The official Utah State Fossil
Scientific Name: Allosaurus fragilis means “strange, delicate reptile” in reference to what was thought to be peculiar, fragile back vertebrae at the time of its discovery.
Time Period: 157-150 million years ago, Late Jurassic
The Museum’s Allosaurus: The skeleton of Allosaurus, nicknamed 'Al', went on display in June 1963 and was the Museum’s first dinosaur skeleton. It was remounted into a new pose in 2013. The skeleton is 28 feet long and 6½ feet tall at the hips. The bones came from the Cleveland Lloyd Dinosaur Quarry, about 30 miles south of Price. This quarry has the richest concentration of Allosaurus in the world. At least 46 individuals ranging from juvenile to adult are represented by the 12,000 bones uncovered.
The Animal: Allosaurus is a carnivorous dinosaur that lived 83 million years before Tyrannosaurus rex. It had a long tail that was almost 60% of its entire length. This tail was a counterbalance to the heavy front part of the body over the hind legs. The tail probably also allowed Allosaurus to change directions rapidly while chasing prey by shifting the tail to the inside of the turn.
The skull of our Allosaurus is 28 inches long.
It has long, blade-like teeth that are serrated like a steak knife along the front and rear edges. These serrations allow the teeth to rip through skin and across muscle fibers. Just how powerful was the bite? By measuring the area for the jaw muscles on the underside of the skull and knowing the force of muscles, we can determine that the jaw muscles generated almost a ton of force. But, this force is concentrated on the tips of the teeth, so that means a typical bite using the teeth in the front half of the mouth - would create almost 6,500 pounds per square inch of force on each tooth! Not surprisingly, deep gouges have been found in other dinosaur bones from Allosaurus feeding.
Unlike Camptosaurus, the Allosaurus teeth are set at the sides of the skull, meaning that Allosaurus did not have cheeks, and therefore, did not chew its food. All that it could do was bite and swallow.
The neck vertebrae have a ball and socket connection, which allowed the neck to swivel. However, the vertebrae also had a lot of ridges and heavily built spines for ligaments and powerful neck muscles. This powerful neck could pull the head back so that the teeth could rip large chunks of flesh to swallow.
The neck and the first four vertebrae of the back have cavities within them. These cavities are similar to those seen in bird vertebrae, where they are part of the breathing system. In birds, there are a series of pouches or air bladders throughout the body and some even extend into the vertebrae. It takes two breathes to pass the air through the body before it is exhaled. In the first breathe, the air goes into several air bladders or pouches in the back part of the body cavity. In the first exhale, the air moves to the lungs. With the next breathe, the air moves into the air bladders in the front of the body, and is finally exhaled from the body. Many paleontologists believe that the cavities in the vertebrae indicate that Allosaurus had a similar breathing system of air bladders.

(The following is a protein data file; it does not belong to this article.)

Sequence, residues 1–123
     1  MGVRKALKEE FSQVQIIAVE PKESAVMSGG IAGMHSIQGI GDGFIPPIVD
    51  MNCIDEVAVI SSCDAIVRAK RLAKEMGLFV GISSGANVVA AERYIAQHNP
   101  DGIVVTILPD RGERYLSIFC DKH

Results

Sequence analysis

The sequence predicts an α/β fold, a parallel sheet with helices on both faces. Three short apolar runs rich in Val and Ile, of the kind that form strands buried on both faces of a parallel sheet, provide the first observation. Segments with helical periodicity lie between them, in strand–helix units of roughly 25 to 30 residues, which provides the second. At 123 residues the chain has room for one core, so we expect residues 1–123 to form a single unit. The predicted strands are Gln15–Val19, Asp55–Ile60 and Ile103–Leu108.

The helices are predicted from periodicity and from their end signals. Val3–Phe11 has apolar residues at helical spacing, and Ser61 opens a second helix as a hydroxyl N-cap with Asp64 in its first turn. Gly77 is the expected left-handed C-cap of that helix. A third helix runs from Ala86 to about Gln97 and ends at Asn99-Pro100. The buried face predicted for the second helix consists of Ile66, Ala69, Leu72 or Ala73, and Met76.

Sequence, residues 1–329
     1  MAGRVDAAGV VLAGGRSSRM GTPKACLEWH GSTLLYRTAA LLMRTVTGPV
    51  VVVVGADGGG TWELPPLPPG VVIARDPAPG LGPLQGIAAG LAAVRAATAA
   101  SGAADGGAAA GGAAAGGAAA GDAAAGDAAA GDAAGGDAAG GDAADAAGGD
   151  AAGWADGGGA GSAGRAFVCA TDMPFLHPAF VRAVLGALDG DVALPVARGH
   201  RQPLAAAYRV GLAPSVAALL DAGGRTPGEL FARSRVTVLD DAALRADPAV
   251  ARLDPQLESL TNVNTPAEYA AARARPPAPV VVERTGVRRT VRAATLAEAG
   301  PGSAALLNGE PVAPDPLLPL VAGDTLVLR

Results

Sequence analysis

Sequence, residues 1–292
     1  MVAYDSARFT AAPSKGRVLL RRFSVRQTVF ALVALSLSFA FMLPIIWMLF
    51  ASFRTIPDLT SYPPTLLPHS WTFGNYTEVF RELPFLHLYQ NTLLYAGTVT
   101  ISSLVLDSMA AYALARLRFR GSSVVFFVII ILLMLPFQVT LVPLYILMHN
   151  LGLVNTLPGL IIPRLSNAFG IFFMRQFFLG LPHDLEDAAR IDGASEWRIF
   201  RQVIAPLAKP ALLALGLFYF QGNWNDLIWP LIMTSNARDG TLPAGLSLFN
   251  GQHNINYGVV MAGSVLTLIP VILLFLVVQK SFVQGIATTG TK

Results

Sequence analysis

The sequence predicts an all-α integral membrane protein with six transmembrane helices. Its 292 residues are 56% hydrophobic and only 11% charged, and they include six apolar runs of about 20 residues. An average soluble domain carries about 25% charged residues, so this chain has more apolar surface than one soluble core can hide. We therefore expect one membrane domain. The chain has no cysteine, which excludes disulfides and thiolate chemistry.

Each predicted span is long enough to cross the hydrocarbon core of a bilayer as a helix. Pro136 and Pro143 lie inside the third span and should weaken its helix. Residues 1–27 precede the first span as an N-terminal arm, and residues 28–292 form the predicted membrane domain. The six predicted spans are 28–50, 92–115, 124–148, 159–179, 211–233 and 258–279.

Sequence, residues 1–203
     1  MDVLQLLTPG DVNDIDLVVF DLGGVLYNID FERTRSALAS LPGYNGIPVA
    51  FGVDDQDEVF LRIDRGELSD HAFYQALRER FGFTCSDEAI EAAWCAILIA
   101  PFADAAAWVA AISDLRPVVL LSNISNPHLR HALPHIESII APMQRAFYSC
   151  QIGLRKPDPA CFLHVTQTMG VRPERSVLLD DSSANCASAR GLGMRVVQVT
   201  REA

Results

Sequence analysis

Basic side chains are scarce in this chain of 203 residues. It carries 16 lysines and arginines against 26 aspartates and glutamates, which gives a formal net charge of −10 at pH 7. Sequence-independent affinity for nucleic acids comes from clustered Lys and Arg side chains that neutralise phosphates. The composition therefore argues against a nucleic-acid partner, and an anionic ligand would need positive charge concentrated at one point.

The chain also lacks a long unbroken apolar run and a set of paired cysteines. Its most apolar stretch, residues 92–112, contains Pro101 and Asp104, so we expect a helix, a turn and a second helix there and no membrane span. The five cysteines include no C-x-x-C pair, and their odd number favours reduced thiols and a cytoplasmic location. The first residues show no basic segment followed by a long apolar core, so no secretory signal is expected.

Another remarkable recent discovery shows that Allosaurus and many other carnivorous dinosaurs had a V-shaped wishbone. In Allosaurus the wishbone is a rather delicate structure that spans the chest, although its purpose is unknown. In flying birds, the wishbone is a spring that aids in flight by pushing the shoulder apart during the down stroke of the wings.
A study of arm motion showed that the Allosaurus shoulder socket did not allow the arms to reach forwards very far. Instead, most motion was backwards. This means that Allosaurus was not able to reach forwards to grab prey, but once it had grabbed the prey with its mouth, it could use the big meat hook claws to keep the prey from escaping. The hands of Allosaurus have three curved claws with the “thumb” having the largest.
The hind foot is very bird-like, with three long toes with raptor-like claws. These claws were used to hold the prey down while it ripped flesh with a backwards pull of its head. The first toe, the dewclaw, is small and does not reach the ground. Why Allosaurus kept it is unknown, but must be like the appendix in people, where the vestigial structure remains because it usually does not do any harm.
Allosaurus was a top predator in the Morrison ecosystem. Being so large, it probably preyed on almost any other dinosaur with the possible exception of large adult sauropods. Because Camptosaurus lacked any protective armor, it was probably easy prey. Surprisingly, we know that Allosaurus also preyed on Stegosaurus. The evidence from the Cleveland Lloyd Dinosaur Quarry includes plates with U-shaped bites taken from them and an Allosaurus vertebra with a puncture that matched the size and shape of a Stegosaurus spike. The Allosaurus survived the attack because the damage shows partial healing and regrowth of bone.
A possible egg of Allosaurus was found at the Cleveland-Lloyd Dinosaur Quarry. It was an abnormal egg with multiple shell layers. These layers indicate that the egg was not laid, but kept in the female’s body longer than normal so that shell was deposited several times. A similar situation can happen today in birds under stress, such as illness, starvation or crowding. For the Allosaurus, there must have been some sort of stressful situation in the region of the Quarry because of the high number of Allosaurus congregated there.